Edited by Amelie F. Constant and Klaus F. Zimmermann
Chapter 22: Frontier issues of the political economy of migration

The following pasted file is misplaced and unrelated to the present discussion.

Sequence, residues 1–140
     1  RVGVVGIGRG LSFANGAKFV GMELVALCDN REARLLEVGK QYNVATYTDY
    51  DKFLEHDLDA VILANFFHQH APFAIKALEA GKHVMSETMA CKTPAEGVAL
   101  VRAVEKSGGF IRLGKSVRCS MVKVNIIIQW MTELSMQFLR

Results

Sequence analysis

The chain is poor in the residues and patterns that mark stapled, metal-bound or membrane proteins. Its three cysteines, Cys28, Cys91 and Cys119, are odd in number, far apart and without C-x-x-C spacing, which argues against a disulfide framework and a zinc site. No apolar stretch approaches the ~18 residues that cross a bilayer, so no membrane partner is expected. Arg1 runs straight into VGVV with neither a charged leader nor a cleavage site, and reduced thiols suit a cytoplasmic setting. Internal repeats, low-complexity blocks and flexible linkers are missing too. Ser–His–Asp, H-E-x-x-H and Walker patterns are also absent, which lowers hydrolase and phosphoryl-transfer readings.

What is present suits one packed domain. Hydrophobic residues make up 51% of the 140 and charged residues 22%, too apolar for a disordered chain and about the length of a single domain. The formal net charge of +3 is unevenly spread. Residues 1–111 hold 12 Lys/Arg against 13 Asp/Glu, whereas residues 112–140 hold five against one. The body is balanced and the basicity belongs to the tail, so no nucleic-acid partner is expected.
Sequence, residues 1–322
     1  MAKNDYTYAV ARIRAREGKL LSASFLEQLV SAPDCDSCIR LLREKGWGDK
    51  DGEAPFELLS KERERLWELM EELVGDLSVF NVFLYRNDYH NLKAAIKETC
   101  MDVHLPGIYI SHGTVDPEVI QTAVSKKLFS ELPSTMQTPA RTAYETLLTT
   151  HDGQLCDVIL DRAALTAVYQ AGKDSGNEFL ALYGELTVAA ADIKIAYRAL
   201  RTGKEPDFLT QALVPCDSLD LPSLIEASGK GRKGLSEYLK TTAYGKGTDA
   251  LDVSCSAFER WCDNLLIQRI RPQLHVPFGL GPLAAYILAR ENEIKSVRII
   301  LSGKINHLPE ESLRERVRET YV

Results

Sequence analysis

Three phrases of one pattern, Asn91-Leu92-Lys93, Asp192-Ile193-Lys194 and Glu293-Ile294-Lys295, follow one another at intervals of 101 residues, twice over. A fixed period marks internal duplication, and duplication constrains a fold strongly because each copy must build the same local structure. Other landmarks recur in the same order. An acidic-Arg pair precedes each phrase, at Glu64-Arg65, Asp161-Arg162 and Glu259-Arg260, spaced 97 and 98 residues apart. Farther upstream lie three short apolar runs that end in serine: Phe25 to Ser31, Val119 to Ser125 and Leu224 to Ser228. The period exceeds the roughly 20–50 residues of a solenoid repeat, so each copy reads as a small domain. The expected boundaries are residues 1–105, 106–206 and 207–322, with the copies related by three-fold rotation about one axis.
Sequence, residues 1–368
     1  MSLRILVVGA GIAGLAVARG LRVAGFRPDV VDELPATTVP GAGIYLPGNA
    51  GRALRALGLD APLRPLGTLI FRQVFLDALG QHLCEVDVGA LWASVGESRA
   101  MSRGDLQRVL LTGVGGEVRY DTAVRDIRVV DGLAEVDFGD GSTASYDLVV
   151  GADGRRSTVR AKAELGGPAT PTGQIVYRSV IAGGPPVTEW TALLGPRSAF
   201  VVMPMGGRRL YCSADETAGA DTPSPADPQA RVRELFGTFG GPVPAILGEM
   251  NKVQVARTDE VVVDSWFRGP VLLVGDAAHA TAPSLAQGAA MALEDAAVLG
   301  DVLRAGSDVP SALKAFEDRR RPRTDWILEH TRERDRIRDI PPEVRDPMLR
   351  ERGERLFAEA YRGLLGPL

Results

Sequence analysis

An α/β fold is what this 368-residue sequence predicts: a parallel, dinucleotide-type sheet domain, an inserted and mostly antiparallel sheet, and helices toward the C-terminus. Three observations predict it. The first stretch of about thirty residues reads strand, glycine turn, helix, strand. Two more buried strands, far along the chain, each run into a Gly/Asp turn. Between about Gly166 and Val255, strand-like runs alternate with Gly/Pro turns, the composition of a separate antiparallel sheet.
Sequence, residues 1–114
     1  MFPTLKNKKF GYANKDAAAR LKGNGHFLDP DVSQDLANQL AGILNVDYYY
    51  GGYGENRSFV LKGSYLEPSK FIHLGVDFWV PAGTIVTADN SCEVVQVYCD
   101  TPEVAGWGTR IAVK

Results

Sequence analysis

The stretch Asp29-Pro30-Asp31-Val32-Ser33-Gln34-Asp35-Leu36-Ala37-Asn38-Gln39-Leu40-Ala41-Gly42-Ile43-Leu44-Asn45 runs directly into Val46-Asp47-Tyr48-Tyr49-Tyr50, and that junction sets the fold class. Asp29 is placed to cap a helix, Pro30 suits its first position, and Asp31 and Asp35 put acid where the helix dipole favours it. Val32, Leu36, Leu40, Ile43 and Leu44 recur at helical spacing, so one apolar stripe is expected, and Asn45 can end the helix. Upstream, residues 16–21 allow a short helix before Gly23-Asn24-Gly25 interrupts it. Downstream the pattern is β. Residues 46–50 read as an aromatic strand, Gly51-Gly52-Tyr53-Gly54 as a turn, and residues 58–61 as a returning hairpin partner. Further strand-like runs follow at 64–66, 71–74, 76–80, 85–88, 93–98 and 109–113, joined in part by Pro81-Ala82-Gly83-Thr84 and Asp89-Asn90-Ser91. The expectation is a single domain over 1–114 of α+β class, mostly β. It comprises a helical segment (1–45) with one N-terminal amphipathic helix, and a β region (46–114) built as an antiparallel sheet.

Political economy plays an important role in migration. Basic economic theory provides many predictions with regard to the costs and benefits of migrants to home and host countries. Migration affects production, employment and wages, assimilation and attitudes towards migration, economic behavior of the local population and migrants, international trade, and so on in both the host and home counties. Assuming that the goal is to maximize social welfare, countries could, in theory, derive their optimal economic policy. However, reality is not always what the theory predicts. How is it possible that two countries with similar economic circumstances have different outcomes from a similar migration quota or may enact different migration policies? How is it that migration policy shifts in a short period of time while there have been very small changes in the economic environment? Is this simply a result of a change in the ruling politician or coalitions? Why do similar countries elect parties with very different political platforms? The answer to these and many other questions are related to the political economy environment.
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